Growth and development

·    Roading infrastructure

·    Cycleways

·    Opposing on-road cycleways

·    Did not support cycleways that did not connect

·    Unitary Plan

·    allowing for developments with little or no parking

·    Narrow roads

·    Developments with no on road parking

·    Planning for quality developments – concern that the current intensification and urban design is creating future slums

·    Comments about infrastructure supporting social housing developments

·    Growth - concern over council having to pay for wider infrastructure, eg:  water, stormwater and sewage – developer should pay or central government should help

·    Infrastructure to be in place before development

·    Retaining elite soils for food production rather than allowing urban sprawl.

 

Transport

·    Congestion is seen as a major issue that needs addressing

 

Public transport

·    Fares to be kept at an affordable level – several people commented that the fares are too high already

·    Public Transport needs to be easily accessible and affordable

·    Smaller buses or vans that connect into the rail network rather than the big buses currently used

·    Park and ride – comments that the park and ride is desperately needed at Papakura train station.  Several comments about the provision of free all day car parking near the train station

·    Chose better berm trees that are suited to growing on the berm

Rates

·    Rates increase not supported

·    Council needs to live within its means

·    Incomes have dropped - businesses are struggling and cannot afford a rates increase

Rubbish

·    Requests for rubbish to be part of rates – did not like the user pays ticket approach

·    Illegal dumping

·    Council providing a green waste service

·    Teach zero waste in schools

Governance

·    Ability to create Māori wards not supported

·    Climate change not seen as council core business

Asset sales

·    Support for the partial sale of airport shares

·    The sale of any reserve land was not supported

Council Services

·    Noise control processes inadequate and unresponsive

·    Dog control processes and registrations costly for people already struggling

Requests for local funding

33.     There were no requests for specific local funding. However, the Bruce Pulman Park submission requested additional funding for its operational costs.

 

Overview of feedback received on regional topics in the 10-year Budget from the Papakura Local Board area

34.     The proposed 10-year Budget 2021-2031 sets out Auckland Council’s priorities and how to pay for them. Consultation on the proposed 10-year Budget asked submitters to respond to five key questions on:

1.   The proposed investment package

2.   Climate change

3.   Water quality

4.   Community investment

5.   Rating policy.

35.     The submissions received from the Papakura Local Board area on these key issues are summarised below, along with an overview of any other areas of feedback on regional proposals with a local impact.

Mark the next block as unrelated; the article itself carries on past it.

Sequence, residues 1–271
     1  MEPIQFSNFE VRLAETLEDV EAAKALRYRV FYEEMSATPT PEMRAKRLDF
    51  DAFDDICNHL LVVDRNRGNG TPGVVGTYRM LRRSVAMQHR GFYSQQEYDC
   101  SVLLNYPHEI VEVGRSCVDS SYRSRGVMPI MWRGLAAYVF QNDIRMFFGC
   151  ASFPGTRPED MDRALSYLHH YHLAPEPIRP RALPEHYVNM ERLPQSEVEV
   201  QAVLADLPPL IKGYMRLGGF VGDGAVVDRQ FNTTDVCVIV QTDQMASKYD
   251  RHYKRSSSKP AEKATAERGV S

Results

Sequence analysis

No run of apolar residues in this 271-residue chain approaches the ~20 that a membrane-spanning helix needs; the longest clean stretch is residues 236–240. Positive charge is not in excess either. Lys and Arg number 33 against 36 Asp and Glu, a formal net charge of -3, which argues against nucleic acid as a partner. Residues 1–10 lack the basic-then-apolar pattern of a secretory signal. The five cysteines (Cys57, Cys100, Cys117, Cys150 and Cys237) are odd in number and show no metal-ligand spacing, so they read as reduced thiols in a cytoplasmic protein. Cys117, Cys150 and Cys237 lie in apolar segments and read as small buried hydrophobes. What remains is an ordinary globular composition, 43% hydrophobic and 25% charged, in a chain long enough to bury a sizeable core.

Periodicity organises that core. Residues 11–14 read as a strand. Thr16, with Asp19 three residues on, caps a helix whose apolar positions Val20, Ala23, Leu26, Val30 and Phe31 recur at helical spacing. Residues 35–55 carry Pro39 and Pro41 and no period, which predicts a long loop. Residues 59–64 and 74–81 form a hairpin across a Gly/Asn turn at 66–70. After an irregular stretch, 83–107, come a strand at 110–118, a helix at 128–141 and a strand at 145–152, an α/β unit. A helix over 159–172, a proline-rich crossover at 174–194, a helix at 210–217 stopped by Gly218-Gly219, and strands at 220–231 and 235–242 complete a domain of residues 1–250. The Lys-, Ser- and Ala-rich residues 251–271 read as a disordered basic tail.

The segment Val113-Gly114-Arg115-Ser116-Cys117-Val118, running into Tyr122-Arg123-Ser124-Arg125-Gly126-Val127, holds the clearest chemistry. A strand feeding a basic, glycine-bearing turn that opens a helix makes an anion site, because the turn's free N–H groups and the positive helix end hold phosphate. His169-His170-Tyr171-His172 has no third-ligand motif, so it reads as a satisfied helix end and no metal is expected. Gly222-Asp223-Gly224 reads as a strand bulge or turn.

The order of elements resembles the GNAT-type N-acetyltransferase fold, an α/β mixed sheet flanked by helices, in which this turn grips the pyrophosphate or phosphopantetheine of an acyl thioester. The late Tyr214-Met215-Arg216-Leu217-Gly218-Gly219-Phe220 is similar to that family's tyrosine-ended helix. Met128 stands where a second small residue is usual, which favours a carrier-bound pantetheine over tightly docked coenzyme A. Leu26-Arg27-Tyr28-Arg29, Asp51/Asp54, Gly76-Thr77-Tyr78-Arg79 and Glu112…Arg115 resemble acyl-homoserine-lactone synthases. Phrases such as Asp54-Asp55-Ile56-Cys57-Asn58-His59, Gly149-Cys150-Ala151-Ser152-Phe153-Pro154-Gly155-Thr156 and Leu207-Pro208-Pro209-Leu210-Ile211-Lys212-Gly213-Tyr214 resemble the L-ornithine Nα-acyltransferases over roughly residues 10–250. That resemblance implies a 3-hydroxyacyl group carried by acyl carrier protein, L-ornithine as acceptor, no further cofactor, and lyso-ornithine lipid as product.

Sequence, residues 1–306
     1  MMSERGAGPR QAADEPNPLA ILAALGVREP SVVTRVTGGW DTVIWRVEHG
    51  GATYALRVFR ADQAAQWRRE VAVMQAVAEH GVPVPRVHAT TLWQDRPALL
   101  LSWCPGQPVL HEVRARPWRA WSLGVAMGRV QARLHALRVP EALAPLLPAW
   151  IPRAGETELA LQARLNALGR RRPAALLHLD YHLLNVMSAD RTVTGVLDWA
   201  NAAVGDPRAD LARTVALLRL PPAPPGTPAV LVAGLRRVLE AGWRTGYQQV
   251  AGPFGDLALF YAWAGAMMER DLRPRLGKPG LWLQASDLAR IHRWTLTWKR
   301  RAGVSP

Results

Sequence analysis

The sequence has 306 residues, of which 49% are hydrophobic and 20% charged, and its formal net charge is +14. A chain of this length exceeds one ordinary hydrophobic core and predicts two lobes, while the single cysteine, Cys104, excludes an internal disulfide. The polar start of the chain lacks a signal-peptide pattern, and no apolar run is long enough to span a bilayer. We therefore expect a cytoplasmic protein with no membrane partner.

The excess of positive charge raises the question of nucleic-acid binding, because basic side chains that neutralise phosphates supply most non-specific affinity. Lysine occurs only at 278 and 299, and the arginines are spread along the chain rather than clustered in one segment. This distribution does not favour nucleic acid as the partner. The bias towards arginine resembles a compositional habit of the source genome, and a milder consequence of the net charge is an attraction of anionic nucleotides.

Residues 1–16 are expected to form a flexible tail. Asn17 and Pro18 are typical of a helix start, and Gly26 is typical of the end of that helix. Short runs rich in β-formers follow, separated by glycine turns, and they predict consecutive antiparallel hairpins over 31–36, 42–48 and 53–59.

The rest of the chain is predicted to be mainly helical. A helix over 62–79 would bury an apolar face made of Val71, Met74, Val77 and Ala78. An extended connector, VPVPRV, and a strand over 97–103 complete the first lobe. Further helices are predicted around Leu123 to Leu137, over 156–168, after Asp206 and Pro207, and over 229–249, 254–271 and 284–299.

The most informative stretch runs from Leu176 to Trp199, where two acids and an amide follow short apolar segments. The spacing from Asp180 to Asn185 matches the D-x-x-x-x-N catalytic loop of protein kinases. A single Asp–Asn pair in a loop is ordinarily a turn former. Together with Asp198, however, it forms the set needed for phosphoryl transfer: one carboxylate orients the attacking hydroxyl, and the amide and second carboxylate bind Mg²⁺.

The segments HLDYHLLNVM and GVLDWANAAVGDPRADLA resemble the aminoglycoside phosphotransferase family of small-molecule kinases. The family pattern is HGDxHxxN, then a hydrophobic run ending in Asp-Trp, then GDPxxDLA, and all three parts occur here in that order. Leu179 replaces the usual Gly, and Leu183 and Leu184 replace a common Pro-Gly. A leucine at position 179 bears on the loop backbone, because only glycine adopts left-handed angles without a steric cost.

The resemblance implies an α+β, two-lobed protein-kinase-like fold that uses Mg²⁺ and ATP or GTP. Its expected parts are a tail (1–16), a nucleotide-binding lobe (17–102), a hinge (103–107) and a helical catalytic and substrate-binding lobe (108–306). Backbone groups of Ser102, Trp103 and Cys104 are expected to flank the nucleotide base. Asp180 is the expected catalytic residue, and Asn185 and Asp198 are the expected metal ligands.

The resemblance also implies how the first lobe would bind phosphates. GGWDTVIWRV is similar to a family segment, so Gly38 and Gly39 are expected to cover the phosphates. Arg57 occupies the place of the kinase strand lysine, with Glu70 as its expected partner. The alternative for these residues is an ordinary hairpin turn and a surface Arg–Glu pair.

Key Question 1: Proposed investment package

36.     Aucklanders were asked about a proposed $31 billion capital investment programme over the next ten years, allowing the council to deliver key services and renew our aging assets. The proposal includes a one-off 5 per cent average general rates increase for the 2021/2022 financial year, rather than the previously planned 3.5 per cent increase, before returning to 3.5 per cent increases over the remaining years.

37.     The proposal also includes higher borrowings in the short term, a continuation of cost savings and the sale of more surplus property. Without the greater use of rates and debt, around $900 million of investment in Auckland would be delayed from the next three years.

38.    

The graph below gives an overview of the responses from the Papakura Local Board area.

39.     Key themes included:

In support:

•     We need to recover from the pandemic

•     The impact per rate payer is relatively minor and brief.

•     Will assist with maintaining existing scheduled work and avoiding the postponement of important infrastructure upgrades

•     Auckland is rapidly growing and we need to grow with it

•     A one-off increase makes sense but is a 3.5 percent rates increase thereafter realistic

•     We need to be proactive but remember there are many people on fixed incomes or have been impacted adversely by Covid-19

Not in support:

•     Negative impacts of a rates increase on those on limited incomes

•     Council should be cutting its expenditure

•     People will understand there will be less new facilities post-Covid

•     There are too many staff numbers receiving higher salaries

•     Rates are increasing too fast

 

Key Question 2: Climate Change

40.     Aucklanders were asked about a proposal to provide additional investment to respond to climate change challenges. This includes enabling a quicker transition from diesel to cleaner electric and hydrogen buses, diverting more waste from landfill and enabling significant planting initiatives.  

41.     The graph below gives an overview of the responses from the Papakura Local Board area.

 

42.     Key themes included:

In support

•     This is important for future generations

•     We need to save the environment / planet

•     Climate change is real and we need to act now

•     We need to do more and invest further in this area

Not in support:

•     There are more important projects, ie:  infrastructure, roads, wastewater, transport, homelessness, poverty, health service, police

•     NZ is small and will make no difference on the global stage

•     Pressure the bigger countries that contribute to climate change, eg:  China, India and the USA

•     Concern around the impact on the environment regarding the process for making the electric batteries and what happens to the batteries at end of life

 

Key Question 3: Water quality